A motion of no confidence in the Deputy First Minister proposed by Lothians MSP Miles Briggs was debated earlier this afternoon at The Scottish Parliament.

The motion read: “That the Parliament has no confidence in the Deputy First Minister, in light of the Scottish Government’s continued failure to publish legal advice called for in two resolutions of the Parliament on 4 and 25 November 2020.”

This resulted from what the Scottish Conservatives regard as the failing on the part of the Deputy First Minister to provide copies of confidential legal advice given to The Scottish Government in relation to the Judicial Review raised against them by former First Minister Alex Salmond to a Holyrood Committee.

The parliament voted by majority twice in November 2020 demanding that such advice would be released to the Holyrood committee on the Scottish Government Handling of Harassment Complaints. Mr Swinney did not release the documents until last week when this motion of no confidence was already tabled.

The Conservatives say they back the committee and Ruth Davidson MSP said in proposing the motion that this is “no way for the Scottish Government to treat the parliament”.

John Swinney spoke on his own behalf, which in itself is unusual, but very little about the matters of the last three years involving the former First Minister, the government’s procedure in dealing with harassment complaints or the proceedings of the committee itself have been usual.

Mr Swinney explained that successive governments both in Scotland and in the rest of the UK have always retained legal advice as confidential and legally privileged, and he had sought to do the same in this case. He also said that the government had made a submission to the committee last December setting out what the legal advice had been in an effort to protect legal privilege.

He set out his reasons for the unprecedented release of legal advice to the government. He said: “I decided last week that the balance of public interest had shifted, and we should publish the advice from counsel. That meant that the process of release moved on to its second stage – consideration by the law officers for the first time. They consented to the release.”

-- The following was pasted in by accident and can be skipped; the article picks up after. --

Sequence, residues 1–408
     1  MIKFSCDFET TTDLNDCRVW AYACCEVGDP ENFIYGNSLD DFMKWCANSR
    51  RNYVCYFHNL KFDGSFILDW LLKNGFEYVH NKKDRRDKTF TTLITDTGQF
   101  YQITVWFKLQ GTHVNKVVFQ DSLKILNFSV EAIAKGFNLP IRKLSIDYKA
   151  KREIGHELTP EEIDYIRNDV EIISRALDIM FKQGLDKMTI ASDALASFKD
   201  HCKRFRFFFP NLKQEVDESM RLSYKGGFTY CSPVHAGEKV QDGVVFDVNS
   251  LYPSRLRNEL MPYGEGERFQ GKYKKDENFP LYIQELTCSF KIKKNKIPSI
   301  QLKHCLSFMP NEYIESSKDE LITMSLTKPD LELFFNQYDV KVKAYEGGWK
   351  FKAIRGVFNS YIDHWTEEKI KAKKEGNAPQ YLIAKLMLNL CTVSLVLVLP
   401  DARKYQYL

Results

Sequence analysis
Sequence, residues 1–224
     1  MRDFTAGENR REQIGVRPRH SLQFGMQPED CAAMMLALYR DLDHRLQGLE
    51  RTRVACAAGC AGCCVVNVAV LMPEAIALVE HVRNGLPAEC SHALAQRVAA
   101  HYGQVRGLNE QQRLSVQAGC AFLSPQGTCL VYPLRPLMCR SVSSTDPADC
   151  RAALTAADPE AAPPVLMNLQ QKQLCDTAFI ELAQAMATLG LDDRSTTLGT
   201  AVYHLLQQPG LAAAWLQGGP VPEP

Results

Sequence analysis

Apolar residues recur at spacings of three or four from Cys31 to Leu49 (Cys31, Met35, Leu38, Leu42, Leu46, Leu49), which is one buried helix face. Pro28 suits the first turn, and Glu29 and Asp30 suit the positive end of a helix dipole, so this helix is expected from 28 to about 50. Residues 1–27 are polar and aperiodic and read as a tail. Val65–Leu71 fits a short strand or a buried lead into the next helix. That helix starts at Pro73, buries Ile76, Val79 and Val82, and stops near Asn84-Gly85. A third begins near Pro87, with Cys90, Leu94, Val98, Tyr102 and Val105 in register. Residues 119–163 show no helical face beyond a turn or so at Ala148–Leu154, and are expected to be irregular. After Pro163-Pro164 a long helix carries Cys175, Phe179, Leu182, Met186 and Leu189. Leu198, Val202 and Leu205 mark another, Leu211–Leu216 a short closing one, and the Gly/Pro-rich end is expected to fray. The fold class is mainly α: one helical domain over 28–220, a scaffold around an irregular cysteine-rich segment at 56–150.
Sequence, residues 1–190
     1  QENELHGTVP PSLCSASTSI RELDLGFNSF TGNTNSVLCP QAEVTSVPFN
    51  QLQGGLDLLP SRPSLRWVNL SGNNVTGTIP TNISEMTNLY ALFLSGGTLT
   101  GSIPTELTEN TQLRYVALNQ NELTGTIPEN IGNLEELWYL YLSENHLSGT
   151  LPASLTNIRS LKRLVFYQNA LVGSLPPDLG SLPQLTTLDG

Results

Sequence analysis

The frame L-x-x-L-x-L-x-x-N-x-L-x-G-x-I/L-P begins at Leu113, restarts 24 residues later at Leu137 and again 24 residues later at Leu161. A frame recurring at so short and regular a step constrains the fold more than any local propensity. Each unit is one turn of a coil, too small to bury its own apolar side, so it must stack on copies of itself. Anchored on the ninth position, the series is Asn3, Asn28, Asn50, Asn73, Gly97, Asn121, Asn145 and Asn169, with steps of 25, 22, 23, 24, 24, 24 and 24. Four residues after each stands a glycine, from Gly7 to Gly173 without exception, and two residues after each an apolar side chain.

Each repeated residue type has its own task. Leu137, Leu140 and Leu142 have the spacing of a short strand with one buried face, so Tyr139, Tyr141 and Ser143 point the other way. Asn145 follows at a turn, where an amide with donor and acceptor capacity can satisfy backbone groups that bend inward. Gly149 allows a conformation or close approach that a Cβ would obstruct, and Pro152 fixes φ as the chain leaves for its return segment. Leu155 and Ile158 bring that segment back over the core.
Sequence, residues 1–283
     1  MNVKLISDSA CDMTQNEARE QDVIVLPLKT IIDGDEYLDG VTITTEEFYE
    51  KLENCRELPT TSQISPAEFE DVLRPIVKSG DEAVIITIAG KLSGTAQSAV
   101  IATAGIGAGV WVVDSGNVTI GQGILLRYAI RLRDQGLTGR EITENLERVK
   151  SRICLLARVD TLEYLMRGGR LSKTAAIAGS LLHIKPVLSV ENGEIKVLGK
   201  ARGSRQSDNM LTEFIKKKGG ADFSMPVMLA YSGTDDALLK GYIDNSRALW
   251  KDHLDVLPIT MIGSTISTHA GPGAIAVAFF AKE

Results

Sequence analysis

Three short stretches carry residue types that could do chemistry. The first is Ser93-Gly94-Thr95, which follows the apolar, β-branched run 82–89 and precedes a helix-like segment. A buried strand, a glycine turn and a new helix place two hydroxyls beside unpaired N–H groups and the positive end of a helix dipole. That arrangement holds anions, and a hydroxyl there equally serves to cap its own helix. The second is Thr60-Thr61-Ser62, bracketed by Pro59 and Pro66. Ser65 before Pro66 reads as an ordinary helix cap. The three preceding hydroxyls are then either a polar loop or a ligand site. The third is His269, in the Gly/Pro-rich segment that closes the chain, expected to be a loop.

Mr Swinney said that all legal advice has now been released and that there are no minutes of some of the meetings with counsel. He defended himself against the vote of no confidence saying it was “baseless”.

He pointed out that even at 11 December 2018 the Lord Advocate advised that the government should proceed with the Judicial Review, and that it was only on 19 December that a note from counsel set out that the case had become unstateable and that the government should concede on the basis of apparent bias in the way the procedure was implemented.

The government conceded their defence of the petition for Judicial Review in January 2019. The case fell as the Investigating Officer (appointed by the government to investigate claims against Alex Salmond of sexual harassment by two women who worked for The Scottish Government) had had previous contact with the women about the claims. This ran counter to the government’s own new procedure. The unsuccessful defence of this Judicial Review procedure cost the government, and the taxpayer, £512,000 in costs repaid to Mr Salmond.

Patrick Harvie Co-Leader of Scottish Greens said the party supported the creation of the committee and that they wanted to see it concentrate on the important issue of looking at the way the government had dealt with complaints. Mr Harvie said: “But what should have been an inquiry strictly focused on that issue of how allegations are handled was allowed to become nothing more than shabby political theatre.”

Jackie Baillie Scottish Labour deputy leader and committee member said that the committee has been treated with contempt. The Liberal Democrats will back the motion of no confidence and Alex Cole-Hamilton MSP reminded MSPs that this was the second such motion in the Deputy First Minister in the last twelve months. He threatened to table a third if Mr Swinney does not allow a report on secondary schools to be published as requested by MSPs.

The committee was charged with this remit: “To consider and report on the actions of the First Minister, Scottish Government officials and special advisers in dealing with complaints about Alex Salmond, former First Minister, considered under the Scottish Government’s “Handling of harassment complaints involving current or former ministers” procedure and actions in relation to the Scottish Ministerial Code.”

The motion will be voted upon at 8.00pm today, but it is widely expected that it will not succeed, as the Scottish Greens have said they will back the government.